Proposed actions would protect renters at risk of losing their housing and support renters who may need to relocate due to rent increases
Portland Mayor Ted Wheeler announced today that he will bring forward new local housing relief measures to stabilize households facing eviction and foreclosure due to COVID-19. Mayor Wheeler applauded the Center for Disease Control and Prevention Director Robert Redfield and Oregon Governor Kate Brown’s actions extending the federal eviction and state foreclosure protections through the end of the calendar year. Mayor Wheeler, Home Forward’s Executive Director Michael Buonocore, and Portland Community Reinvestment Initiative Inc.’s Executive Director Kymberly Horner shared local data about continued rent increases, outstanding loan obligations, and local solutions as many Portlanders are falling further and further behind on their rent payments and their loan repayments.
While renters have six months to repay any back rent accrued during the moratorium, data (attached PDF) presented Tuesday paint a stark picture of the impacts of COVID-19 on Portland’s already tight rental market and the growing magnitude of unpaid rent as a result of the pandemic:
- 1 in 4 Portland renters were already paying more than half their monthly income toward rent prior to the pandemic.
- Since May, between 12 and 15% of Portland renters have been unable to make their monthly rent payments. Among “Class C” properties, which tend to be older buildings and located farther East, the rate of non-payment during the pandemic has been closer to 20%.
- Unpaid monthly rent totals approximately $22 - 28 million. At the current rate, Portlanders will have fallen $120 - $125 million behind on rent by the end of September, 2021.
- Disparities in income, employment, and housing, mean that missing rent has a substantially greater impact on Black, Indigenous, and People of Color (BIPOC) communities, who are disproportionately renters and overrepresented in service industry occupations, where they are most vulnerable to the health and economic impacts of the pandemic. On average, Black and Indigenous households in Portland pay 40 - 60% of their incomes toward rent.
- At pre-COVID income levels, it would take the average Black family in Portland almost six months to save enough to repay one month of back rent.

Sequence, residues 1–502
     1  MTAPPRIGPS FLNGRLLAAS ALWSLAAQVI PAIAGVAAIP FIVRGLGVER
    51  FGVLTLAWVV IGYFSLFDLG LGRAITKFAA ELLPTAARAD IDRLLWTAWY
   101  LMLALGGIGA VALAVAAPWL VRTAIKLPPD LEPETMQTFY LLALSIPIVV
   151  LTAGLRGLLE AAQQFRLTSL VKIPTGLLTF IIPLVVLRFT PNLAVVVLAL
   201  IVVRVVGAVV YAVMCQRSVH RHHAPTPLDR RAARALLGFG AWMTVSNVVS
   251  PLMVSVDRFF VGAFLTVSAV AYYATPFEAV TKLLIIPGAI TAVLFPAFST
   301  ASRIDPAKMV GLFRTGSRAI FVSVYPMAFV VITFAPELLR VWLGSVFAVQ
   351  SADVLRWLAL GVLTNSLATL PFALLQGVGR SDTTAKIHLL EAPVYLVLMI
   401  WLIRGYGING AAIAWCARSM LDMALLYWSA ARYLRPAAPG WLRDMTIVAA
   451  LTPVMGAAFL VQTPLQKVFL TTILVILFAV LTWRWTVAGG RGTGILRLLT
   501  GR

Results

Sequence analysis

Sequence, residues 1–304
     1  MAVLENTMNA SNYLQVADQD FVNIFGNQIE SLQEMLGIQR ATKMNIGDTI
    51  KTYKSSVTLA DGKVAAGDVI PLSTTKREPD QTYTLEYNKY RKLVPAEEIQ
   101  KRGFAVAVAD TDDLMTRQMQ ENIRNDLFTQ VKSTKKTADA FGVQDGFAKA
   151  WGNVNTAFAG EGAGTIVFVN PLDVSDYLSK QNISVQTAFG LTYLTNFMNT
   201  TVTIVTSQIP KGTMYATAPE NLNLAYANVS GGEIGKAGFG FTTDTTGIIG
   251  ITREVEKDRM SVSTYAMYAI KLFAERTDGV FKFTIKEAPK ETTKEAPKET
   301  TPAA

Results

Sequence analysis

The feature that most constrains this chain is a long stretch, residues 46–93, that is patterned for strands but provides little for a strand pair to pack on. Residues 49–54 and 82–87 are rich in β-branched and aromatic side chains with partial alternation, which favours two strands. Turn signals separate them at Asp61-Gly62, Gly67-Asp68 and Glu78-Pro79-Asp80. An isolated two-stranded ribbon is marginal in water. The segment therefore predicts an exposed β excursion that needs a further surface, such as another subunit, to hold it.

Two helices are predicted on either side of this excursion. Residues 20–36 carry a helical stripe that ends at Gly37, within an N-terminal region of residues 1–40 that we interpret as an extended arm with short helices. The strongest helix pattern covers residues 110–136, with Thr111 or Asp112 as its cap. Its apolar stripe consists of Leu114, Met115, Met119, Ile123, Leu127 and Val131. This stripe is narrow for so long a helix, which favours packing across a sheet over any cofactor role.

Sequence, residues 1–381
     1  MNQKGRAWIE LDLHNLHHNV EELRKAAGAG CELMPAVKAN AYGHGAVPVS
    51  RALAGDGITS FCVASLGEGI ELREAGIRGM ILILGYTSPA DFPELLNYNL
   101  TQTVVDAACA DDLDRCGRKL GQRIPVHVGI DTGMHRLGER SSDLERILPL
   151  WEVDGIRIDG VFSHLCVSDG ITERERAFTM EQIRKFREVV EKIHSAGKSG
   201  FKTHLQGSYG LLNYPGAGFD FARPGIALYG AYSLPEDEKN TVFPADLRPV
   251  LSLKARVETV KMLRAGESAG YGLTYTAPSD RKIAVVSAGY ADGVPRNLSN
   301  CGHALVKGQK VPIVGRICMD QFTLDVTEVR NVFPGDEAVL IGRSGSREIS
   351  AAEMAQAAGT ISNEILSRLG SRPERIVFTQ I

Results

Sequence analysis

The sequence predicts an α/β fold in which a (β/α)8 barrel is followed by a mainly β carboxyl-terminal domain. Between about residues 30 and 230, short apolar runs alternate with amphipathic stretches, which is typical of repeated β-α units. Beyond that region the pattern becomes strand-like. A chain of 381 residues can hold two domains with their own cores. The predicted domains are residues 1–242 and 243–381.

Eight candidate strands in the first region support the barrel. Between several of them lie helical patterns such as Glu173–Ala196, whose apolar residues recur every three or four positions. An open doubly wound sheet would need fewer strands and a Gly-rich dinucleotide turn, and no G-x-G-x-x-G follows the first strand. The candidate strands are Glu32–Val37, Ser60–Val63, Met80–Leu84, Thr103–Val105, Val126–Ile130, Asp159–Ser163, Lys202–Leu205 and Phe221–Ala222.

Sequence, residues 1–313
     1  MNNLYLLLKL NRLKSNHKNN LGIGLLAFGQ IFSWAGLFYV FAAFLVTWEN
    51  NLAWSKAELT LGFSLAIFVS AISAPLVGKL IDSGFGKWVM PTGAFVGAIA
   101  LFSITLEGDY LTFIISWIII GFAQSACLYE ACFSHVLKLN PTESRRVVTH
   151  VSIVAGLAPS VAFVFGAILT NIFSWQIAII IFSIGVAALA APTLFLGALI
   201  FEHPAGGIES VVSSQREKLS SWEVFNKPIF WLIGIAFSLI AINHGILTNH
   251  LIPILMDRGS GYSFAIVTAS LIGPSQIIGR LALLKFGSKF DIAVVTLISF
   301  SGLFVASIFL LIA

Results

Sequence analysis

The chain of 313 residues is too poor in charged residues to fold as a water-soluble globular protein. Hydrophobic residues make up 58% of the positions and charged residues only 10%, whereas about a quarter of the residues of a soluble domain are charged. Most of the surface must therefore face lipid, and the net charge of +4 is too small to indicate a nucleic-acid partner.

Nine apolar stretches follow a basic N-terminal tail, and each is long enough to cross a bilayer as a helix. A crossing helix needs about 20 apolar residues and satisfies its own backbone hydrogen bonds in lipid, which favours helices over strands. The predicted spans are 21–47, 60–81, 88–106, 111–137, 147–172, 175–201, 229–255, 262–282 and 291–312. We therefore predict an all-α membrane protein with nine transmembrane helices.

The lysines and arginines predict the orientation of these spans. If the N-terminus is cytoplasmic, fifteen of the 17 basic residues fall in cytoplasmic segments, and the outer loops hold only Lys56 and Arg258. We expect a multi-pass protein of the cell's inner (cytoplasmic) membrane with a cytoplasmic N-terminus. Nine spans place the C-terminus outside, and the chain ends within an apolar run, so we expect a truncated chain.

In response, Mayor Wheeler proposes emergency code changes to the city’s mandatory relocation ordinance, so that any rent increases would require landlords to pay relocation assistance to cover their tenant’s moving cost. This lowers the threshold to trigger relocation assistance in the existing code, which currently allows rent increases under 10%.
“While we are in the midst of a pandemic, we need to protect renters at risk of losing their housing and support renters who may need to relocate due to rent increases,” said Mayor Wheeler.
In addition, he has directed the Portland Housing Bureau to allocate approximately $500,000 of existing funding towards housing stabilization and relief in East Portland.
He also announced a potential Executive Order to extend the local eviction moratorium to the end of the year, absent an extension of the State’s eviction moratorium. Mayor Wheeler also underscored the important roles of State and Federal government, and financial institutions in finding solutions to the systemic impacts caused by housing instability and unpaid rent.
“Even prior to the pandemic, too many Portlanders were just one medical crisis, or family emergency, or job loss away from homelessness. We need to protect renters and we also need to make sure that local property owners who rent their homes to Portlanders are not foreclosed on because these circumstances make it impossible for them to pay back their loans,” said Mayor Wheeler. “These are temporary measures, but ensuring Portlanders stay in their homes may be the most important and effective action we can take right now.”
Click here to watch the press briefing.